Brendan Scott, October 2008
Records Records Records
In the mid 90s I acted for a large government institution in a dispute over the implementation of a failed search engine development being carried out by one of the worlds’ largest developers/systems integrators. As is usual in litigation both sides conducted “discovery” – where you produce to the other side any documents of yours which are relevant to the dispute. Part of the discovery related to the backups of the actual code of the software being developed. In theory each side should have had a monthly back up for 12 months – that’s what they told us. When it came to recovering from the backups we discovered most could not be restored. Out of 24 copies which should have been available, only (I think) 2 could be recovered. Neither of two large organisations (each of which might fairly be regarded as a paragon of record keeping) were able to keep adequate records.
Small and medium enterprises typically have poor record keeping processes. Without records, it can be very difficult to prove any point you’re trying to establish – especially if the other side has kept their own (self serving) records. A good record keeping system will permit you to understand what was happening at a particular time and this can have a lot of important consequences.
Structure Your Records
A record keeping system not only records information, it also structures and stores it in an ordered fashion. This can sometimes mean having to replicate the record in a number of different places if it happens to be relevant to a couple of different things. If you don’t keep your records in a structured way you might, in theory, be able to reconstruct what was happening from the jumbled mass of disparate notes you have kept, but, in all likelihood, you won’t be able to do so as a matter of practice. It is unwise to rely on an after the fact search to find relevant documents. You might choose to structure things implicitly through the file system. Alternatively you can use meta-data in a document management system. However, my experience (now somewhat dated) with document management systems has been that structure is poorly represented (my impression was that they made it easy for me to find other people’s documents, but rarely my own).
Maintain Separation of Projects
A failure to properly structure your files (whether physical or electronic) can have legal implications. For example, if you fail to maintain a clear demarcation between the open and closed source work that you do, the code from one area may contaminate the other, potentially leading to untold heartache. Indeed, this applies pairwise to any two projects you are working on. Particularly important is that you maintain a strict demarcation between any of your personal coding infrastructure (eg common libraries that you may have developed and reuse for multiple clients) and the specific projects you are working on.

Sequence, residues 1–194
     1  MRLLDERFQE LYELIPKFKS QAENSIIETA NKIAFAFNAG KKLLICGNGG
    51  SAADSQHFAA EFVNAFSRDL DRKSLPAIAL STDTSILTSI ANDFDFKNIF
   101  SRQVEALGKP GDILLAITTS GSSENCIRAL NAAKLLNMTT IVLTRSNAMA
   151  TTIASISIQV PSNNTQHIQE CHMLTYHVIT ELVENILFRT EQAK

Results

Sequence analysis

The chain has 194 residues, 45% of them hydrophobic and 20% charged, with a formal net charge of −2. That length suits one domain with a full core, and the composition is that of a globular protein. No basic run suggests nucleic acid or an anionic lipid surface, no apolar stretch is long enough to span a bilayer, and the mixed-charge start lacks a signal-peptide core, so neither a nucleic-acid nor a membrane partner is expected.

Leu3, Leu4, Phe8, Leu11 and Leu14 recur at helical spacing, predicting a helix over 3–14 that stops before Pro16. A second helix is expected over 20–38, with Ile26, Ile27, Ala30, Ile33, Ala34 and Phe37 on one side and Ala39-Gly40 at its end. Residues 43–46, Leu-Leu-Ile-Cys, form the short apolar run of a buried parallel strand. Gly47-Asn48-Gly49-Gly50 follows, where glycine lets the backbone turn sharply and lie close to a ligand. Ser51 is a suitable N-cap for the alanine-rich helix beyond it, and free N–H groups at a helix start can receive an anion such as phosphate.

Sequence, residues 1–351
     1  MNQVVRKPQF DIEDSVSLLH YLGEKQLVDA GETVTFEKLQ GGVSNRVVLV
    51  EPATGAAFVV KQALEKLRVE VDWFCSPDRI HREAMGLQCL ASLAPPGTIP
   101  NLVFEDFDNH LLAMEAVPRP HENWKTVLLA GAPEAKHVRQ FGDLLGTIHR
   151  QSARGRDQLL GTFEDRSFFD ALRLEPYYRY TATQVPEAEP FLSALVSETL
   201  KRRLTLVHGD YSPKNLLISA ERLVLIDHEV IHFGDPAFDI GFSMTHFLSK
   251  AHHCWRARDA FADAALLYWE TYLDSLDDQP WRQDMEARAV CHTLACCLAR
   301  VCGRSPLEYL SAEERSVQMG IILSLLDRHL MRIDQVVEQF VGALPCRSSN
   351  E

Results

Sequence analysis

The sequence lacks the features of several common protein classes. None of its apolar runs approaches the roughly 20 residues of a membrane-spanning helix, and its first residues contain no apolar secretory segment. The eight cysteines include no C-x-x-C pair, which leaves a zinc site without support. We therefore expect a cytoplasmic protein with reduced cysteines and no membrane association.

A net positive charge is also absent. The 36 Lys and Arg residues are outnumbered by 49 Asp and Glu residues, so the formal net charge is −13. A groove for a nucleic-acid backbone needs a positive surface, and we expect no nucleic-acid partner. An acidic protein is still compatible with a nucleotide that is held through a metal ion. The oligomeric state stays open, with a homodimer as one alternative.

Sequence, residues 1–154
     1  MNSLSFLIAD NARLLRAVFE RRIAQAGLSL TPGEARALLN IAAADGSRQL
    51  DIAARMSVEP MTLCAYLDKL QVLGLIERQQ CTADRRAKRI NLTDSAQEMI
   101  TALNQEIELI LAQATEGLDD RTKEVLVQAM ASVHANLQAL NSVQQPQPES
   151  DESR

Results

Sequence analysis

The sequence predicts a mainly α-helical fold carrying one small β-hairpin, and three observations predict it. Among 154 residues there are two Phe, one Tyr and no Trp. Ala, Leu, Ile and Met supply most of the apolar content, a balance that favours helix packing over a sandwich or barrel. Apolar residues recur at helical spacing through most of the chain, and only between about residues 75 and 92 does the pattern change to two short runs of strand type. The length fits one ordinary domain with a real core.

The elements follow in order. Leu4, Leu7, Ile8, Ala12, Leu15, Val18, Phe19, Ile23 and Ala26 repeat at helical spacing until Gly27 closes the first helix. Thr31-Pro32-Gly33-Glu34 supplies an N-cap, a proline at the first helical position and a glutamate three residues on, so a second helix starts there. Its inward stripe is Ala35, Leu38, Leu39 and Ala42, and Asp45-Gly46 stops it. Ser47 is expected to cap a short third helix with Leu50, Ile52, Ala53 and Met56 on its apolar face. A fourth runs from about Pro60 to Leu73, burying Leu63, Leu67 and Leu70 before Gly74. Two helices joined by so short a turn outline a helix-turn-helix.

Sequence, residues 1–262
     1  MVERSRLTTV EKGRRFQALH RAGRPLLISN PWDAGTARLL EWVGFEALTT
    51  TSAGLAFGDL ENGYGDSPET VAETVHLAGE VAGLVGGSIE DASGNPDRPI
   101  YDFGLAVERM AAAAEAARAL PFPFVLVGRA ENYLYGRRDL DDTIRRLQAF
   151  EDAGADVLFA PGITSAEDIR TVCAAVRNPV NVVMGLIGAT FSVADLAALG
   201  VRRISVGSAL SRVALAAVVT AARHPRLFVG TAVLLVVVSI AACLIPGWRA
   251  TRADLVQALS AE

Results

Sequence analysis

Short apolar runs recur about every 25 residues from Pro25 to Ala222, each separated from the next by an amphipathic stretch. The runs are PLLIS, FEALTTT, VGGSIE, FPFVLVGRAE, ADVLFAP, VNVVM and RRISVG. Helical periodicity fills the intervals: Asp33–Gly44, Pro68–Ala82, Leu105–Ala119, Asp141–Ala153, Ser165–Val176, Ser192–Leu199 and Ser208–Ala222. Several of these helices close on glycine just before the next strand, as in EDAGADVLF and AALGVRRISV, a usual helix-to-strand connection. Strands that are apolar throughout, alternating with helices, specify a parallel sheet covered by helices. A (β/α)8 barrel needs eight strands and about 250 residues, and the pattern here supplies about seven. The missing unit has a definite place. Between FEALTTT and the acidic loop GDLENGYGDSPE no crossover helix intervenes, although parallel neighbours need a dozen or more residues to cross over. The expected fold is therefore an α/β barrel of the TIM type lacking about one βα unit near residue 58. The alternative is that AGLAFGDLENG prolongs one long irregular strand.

For example, if you were to lump your private libraries into a directory shared with a client project that might seem to a judge (who are not renowned for their understanding of coding practices) as if they formed a single work – which may be bad if you’ve assigned IP as part of your engagement.
In some cases records can serve as a substitute for an express contract. Equally, where a contract is ambiguous or apparently overreaching, consistent record keeping can, over time, establish some certainty within that ambiguity or can put bounds on the scope of an overbroad contract. Such records might include, for example, notes of conversations where decisions have been made about what is in or out of scope, or emails which have been sent to this effect. To the extent there is ambiguity don’t be shy in recording your understanding of the events. While courts may not necessarily take your view of the world (as instantiated in your records) as gospel, it’s better than having nothing. Send the notes to the other side prefaced by something along the lines of “This is what I understood we are doing going forward: ….” This gives them an opportunity to correct you if you’re wrong. If they don’t it will look odd for them to argue it was wrong at a later date.
To the extent practicable notes the date the note is taken should be included as part of the note. This makes it easier to date the note – which can be crucial. Often cases ride on when a person knew or said something. If you have an undated note of what was said, it may not end up helping your case if you are unable to place it in relation to some critical date. For example a note that the other party said “don’t worry, the contract has nothing in it that you should be concerned about” will have a completely different consequence if it can be proven to be said the day before you sign (perhaps it induced you to sign) as opposed to the day after (when it can have had no effect on your decision to sign). In addition, courts will generally pay more attention to a record which is contemporaneous with the details it records rather than one which attempts to reconstruct the situation at a later date.
Never use automatic date fields in documents if they will auto-update at some later time. Date fields may seem like a good idea at the time, but once they update, their value is lost. If you must use date fields, have some process by which they are converted to plain text on save (eg when the note is finished, or the relevant document has been sent).